HomeWinBuzzer NewsIntel Reportedly Abandons Hyper-Threading in Upcoming Processor Generations

Intel Reportedly Abandons Hyper-Threading in Upcoming Processor Generations

Intel might ditch Hyper-Threading tech after 20+ years! Leaks suggest its next-gen CPUs lack this performance booster

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has been a proponent of Hyper-Threading Technology (HTT) since its introduction in 2002. Initially launched with the company's Xeon CPUs and subsequently integrated into the Pentium 4 desktop lineup, HTT has played a significant role in Intel's processor designs for over two decades. Hyper-Threading enables a single physical processor core to execute multiple instruction streams concurrently, effectively doubling the core's computational output. Despite this innovation's success, emerging reports suggest Intel is moving away from HTT in its forthcoming desktop and .

Recent Developments and Leaked Information

Recent leaks, including a Task Manager screenshot purportedly from an early version of Intel's 16th Generation mobile processor, code-named Lunar Lake, indicate a significant departure from HTT. Observably, the screenshot reveals an equal number of physical and logical cores—eight each—signifying the absence of Hyper-Threading, which traditionally doubles the number of logical cores relative to physical ones. Furthermore, speculative documents have hinted at the omission of Hyper-Threading in Arrow Lake-S, Intel's next-gen desktop series. These revelations raise questions about the future of multitasking and parallel processing capabilities in Intel's processor lineup.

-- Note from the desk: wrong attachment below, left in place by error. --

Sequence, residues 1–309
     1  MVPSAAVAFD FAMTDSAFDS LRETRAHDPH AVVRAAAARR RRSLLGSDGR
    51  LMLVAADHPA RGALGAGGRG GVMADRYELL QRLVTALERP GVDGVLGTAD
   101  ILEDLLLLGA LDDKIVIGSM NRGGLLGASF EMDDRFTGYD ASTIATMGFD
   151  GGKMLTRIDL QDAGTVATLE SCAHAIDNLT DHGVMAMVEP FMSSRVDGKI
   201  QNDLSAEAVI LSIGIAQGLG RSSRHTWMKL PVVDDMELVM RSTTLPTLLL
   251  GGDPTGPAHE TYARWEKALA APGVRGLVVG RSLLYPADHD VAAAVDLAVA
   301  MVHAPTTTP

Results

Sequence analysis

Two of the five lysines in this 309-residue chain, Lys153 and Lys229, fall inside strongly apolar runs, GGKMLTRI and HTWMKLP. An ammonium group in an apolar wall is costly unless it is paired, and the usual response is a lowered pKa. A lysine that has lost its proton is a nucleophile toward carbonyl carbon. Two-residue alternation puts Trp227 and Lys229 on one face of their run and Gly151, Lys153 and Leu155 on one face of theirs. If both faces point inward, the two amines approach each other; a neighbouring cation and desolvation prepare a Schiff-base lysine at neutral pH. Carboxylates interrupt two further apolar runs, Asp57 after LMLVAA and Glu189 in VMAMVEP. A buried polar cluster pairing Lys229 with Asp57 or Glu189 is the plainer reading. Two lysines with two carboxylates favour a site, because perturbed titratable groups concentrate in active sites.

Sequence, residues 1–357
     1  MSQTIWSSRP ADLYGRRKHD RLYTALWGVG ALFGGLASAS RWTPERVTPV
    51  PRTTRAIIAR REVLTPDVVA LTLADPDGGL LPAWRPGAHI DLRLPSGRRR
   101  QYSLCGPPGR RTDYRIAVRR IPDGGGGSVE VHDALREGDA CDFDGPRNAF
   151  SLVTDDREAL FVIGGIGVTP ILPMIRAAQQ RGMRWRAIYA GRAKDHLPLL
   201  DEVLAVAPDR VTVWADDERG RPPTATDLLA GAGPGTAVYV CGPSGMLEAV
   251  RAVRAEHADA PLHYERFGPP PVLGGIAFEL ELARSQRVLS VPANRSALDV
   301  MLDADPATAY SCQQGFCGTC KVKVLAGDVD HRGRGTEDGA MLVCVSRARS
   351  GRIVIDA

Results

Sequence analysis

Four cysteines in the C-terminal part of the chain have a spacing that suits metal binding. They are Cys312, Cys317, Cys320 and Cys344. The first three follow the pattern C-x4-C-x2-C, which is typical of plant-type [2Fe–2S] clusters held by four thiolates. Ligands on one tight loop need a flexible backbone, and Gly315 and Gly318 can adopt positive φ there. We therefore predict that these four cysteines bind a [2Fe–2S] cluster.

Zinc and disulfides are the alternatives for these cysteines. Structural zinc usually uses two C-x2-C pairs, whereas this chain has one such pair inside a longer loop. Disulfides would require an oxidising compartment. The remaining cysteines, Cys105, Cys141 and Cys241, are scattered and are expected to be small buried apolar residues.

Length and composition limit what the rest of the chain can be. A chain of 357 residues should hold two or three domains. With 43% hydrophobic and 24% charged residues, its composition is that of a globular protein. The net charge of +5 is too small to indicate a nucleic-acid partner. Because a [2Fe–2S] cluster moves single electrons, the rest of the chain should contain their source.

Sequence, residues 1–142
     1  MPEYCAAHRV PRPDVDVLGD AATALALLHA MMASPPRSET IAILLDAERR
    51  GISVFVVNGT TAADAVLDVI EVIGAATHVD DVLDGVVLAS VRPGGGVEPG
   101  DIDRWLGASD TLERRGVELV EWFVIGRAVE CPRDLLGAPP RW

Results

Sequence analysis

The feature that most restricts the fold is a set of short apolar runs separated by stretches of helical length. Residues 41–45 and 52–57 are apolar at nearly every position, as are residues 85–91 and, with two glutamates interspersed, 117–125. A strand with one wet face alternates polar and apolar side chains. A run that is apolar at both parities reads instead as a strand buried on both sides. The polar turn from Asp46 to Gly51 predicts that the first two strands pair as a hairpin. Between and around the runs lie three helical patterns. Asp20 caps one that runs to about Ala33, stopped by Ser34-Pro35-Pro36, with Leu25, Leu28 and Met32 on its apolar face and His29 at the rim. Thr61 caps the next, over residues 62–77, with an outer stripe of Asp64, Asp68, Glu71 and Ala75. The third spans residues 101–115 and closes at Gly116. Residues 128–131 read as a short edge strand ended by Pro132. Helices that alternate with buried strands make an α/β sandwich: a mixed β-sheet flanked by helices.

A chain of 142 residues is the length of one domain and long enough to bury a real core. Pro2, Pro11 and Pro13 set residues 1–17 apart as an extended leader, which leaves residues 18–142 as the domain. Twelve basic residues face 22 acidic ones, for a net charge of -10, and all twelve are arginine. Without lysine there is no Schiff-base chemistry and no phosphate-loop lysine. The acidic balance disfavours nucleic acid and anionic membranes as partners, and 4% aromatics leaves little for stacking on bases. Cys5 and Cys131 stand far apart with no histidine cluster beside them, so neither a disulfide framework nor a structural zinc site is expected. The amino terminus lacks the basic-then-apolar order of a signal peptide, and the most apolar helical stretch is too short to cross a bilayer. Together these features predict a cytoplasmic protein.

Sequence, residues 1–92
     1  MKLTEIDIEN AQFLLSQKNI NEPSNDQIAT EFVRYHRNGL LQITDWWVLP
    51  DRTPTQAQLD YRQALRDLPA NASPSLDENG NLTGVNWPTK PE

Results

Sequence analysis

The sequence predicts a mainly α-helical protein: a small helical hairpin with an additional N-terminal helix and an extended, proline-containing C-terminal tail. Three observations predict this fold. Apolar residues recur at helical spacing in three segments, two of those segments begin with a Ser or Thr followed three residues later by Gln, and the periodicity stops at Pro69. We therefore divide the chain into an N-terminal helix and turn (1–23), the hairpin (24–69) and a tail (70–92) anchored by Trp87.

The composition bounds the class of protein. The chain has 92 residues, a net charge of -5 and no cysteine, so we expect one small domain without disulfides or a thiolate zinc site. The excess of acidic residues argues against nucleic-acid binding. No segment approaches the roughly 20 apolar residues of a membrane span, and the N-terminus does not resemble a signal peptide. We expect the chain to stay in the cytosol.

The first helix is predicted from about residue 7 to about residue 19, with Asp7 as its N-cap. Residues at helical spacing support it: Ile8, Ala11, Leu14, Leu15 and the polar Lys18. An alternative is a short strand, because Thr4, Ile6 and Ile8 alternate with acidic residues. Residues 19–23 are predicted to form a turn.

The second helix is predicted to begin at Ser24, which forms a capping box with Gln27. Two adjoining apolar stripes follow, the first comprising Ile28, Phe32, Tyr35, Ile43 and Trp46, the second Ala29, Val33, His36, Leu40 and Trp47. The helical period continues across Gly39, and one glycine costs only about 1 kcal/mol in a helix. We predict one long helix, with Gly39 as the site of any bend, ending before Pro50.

Comparison and Competitive Landscape

Intel's historical use of HTT has set it apart from competitors, offering enhanced multithreading performance without the need for additional physical cores. Meanwhile, AMD, Intel's chief competitor, adopted a different approach with Clustered Multi-Threading (CMT) in its Bulldozer series, which proved less effective. AMD later shifted to Simultaneous Multi-threading (SMT) with its Zen architecture, closely mirroring Intel's strategy. Intel's potential phase-out of Hyper-Threading, especially in performance cores (P-cores), represents a significant strategy shift, considering that efficient cores (E-cores) in its hybrid designs already lack HTT.

Intel's decision to possibly eliminate Hyper-Threading from its next-generation processors marks a pivotal development in the company's design philosophy. As details remain scarce, the industry is keenly awaiting official confirmation and rationale behind this change. Such a move may redefine processor performance and influence future computing architectures, both for Intel and the wider semiconductor market.

SourceZhihu
Luke Jones
Luke Jones
Luke has been writing about all things tech for more than five years. He is following Microsoft closely to bring you the latest news about Windows, Office, Azure, Skype, HoloLens and all the rest of their products.

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